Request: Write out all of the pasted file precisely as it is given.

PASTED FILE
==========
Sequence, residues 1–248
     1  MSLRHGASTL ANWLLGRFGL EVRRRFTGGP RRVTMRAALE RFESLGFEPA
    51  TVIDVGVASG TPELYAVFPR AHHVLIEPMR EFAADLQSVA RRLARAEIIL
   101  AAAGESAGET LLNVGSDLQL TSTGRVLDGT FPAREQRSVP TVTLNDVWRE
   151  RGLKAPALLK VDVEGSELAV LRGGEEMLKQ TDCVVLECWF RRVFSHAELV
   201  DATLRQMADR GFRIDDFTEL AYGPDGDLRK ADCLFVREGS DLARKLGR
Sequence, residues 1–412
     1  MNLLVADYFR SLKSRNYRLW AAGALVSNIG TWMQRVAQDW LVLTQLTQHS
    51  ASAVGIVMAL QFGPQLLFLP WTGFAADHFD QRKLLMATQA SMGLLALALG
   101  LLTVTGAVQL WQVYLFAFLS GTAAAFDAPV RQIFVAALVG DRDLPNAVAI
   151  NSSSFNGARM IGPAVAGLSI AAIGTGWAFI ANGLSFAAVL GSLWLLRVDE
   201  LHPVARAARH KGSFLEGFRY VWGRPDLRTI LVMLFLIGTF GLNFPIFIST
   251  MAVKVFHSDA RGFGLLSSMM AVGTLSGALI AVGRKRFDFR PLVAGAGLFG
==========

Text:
Sequence, residues 1–248
     1  MSLRHGASTL ANWLLGRFGL EVRRRFTGGP RRVTMRAALE RFESLGFEPA
    51  TVIDVGVASG TPELYAVFPR AHHVLIEPMR EFAADLQSVA RRLARAEIIL
   101  AAAGESAGET LLNVGSDLQL TSTGRVLDGT FPAREQRSVP TVTLNDVWRE
   151  RGLKAPALLK VDVEGSELAV LRGGEEMLKQ TDCVVLECWF RRVFSHAELV
   201  DATLRQMADR GFRIDDFTEL AYGPDGDLRK ADCLFVREGS DLARKLGR
Sequence, residues 1–412
     1  MNLLVADYFR SLKSRNYRLW AAGALVSNIG TWMQRVAQDW LVLTQLTQHS
    51  ASAVGIVMAL QFGPQLLFLP WTGFAADHFD QRKLLMATQA SMGLLALALG
   101  LLTVTGAVQL WQVYLFAFLS GTAAAFDAPV RQIFVAALVG DRDLPNAVAI
   151  NSSSFNGARM IGPAVAGLSI AAIGTGWAFI ANGLSFAAVL GSLWLLRVDE
   201  LHPVARAARH KGSFLEGFRY VWGRPDLRTI LVMLFLIGTF GLNFPIFIST
   251  MAVKVFHSDA RGFGLLSSMM AVGTLSGALI AVGRKRFDFR PLVAGAGLFG